Littering might not be as bad as in a lot of other countries, but when it does happen we generally have a pretty efficient public service, which looks after the collection & removal of waste and litter. Sometimes you can spot them around Ljubljana, where they are clearing litter by hand, sweeping the streets etc. Give them a friendly smile to let them know you appreciate their contribution to keeping the city so tidy. 

Beech forest around Bohinj lake. Source: Shutterstock

Beech forest around Bohinj lake. Source: Shutterstock

A big issue in more remote areas are illegal dumps. Through multiple initiatives, registration of the illegal dumps in Slovenia and the successful Očistimo Slovenijo (Let’s clean Slovenia) project,  NGO Ekologi brez meja (Ecologists without borders) has tackled this issue and brought it up for discussion. The Očistimo Slovenijo 2012 project grabbed a lot of media attention as it was a huge achievement, attracting 289,000 volunteers and making a huge step towards resolving this issue. Projects such as this one have a huge impact on a national as well as local level, since they bring communities together for a common cause. Chatting with your neighbour while cleaning up litter in the vicinity of your home is actually not a bad way to spend a Saturday morning. The project was given as a good example in a speech about litter prevention made by the then EU Commissioner for the Environment, Janez Potočnik. At the moment, the NGO is focusing on legislation regarding this issue and how they can influence legislators in order to achieve positive results. 

Cycling in Slovenia is popular. Source: Shutterstock

Cycling in Slovenia is popular. Source: Shutterstock

A huge contribution to keeping Slovenia clean is the education of children. There is a programme called Ekošola (Eco school), which is dedicated to education in environmental responsibility, currently for over 700 educational facilities and well over 130,000 Slovenian children. But it is not only children we need to educate. Some tourist destinations are making sure that people are aware of their environment and the impact they have on it - a great example is this video from Postojna cave.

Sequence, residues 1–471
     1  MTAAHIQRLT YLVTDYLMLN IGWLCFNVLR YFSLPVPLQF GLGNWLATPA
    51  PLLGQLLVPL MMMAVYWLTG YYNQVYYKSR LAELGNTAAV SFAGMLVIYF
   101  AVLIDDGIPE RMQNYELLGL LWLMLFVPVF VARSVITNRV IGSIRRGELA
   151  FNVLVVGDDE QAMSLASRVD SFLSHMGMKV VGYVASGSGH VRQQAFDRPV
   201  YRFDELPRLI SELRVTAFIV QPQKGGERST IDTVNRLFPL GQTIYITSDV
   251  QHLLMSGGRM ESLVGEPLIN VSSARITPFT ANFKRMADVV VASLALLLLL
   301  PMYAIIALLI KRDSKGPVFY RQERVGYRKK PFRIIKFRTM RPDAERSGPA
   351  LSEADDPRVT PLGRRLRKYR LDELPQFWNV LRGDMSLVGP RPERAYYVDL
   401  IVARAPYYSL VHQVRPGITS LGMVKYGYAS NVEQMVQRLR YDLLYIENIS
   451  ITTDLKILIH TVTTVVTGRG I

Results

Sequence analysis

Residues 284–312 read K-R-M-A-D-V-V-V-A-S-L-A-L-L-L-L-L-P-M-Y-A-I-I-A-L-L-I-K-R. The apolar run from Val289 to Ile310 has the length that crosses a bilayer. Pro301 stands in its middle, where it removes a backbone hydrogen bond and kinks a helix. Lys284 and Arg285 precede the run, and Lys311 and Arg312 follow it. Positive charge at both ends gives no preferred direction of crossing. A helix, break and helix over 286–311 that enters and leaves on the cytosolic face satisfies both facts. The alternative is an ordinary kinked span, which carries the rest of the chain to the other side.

There are a few destinations that have been awarded for their efforts, such as EDEN (European Destinations of Excellence). EDEN is an initiative to promote sustainable tourism development all over the EU. The Slovenian destinations that have been awarded are Goriška Brda (most recently, 2015), Laško (2013), Idrija (2011), Kolpa river (2010), Solčavsko (2009) and the Soča Valley (2008). Our coastline has been awarded the Blue Flag certification, which is given to beaches, marinas or boating tourism operators for high environmental & quality standards - we have 9 certified beaches and 3 marinas. There are plenty of ecologically or biodynamically directed farms and homestays where visitors can experience rural Slovenia and see people’s efforts to live in an environmentally friendly way.

It’s no coincidence that the ‘I Feel Slovenia’ logo is green. Impressive mountains, rolling hills, vast forests, lovely towns and beautiful landscapes are a sight to see and Slovenia’s inhabitants are set on keeping them clean for many generations to come.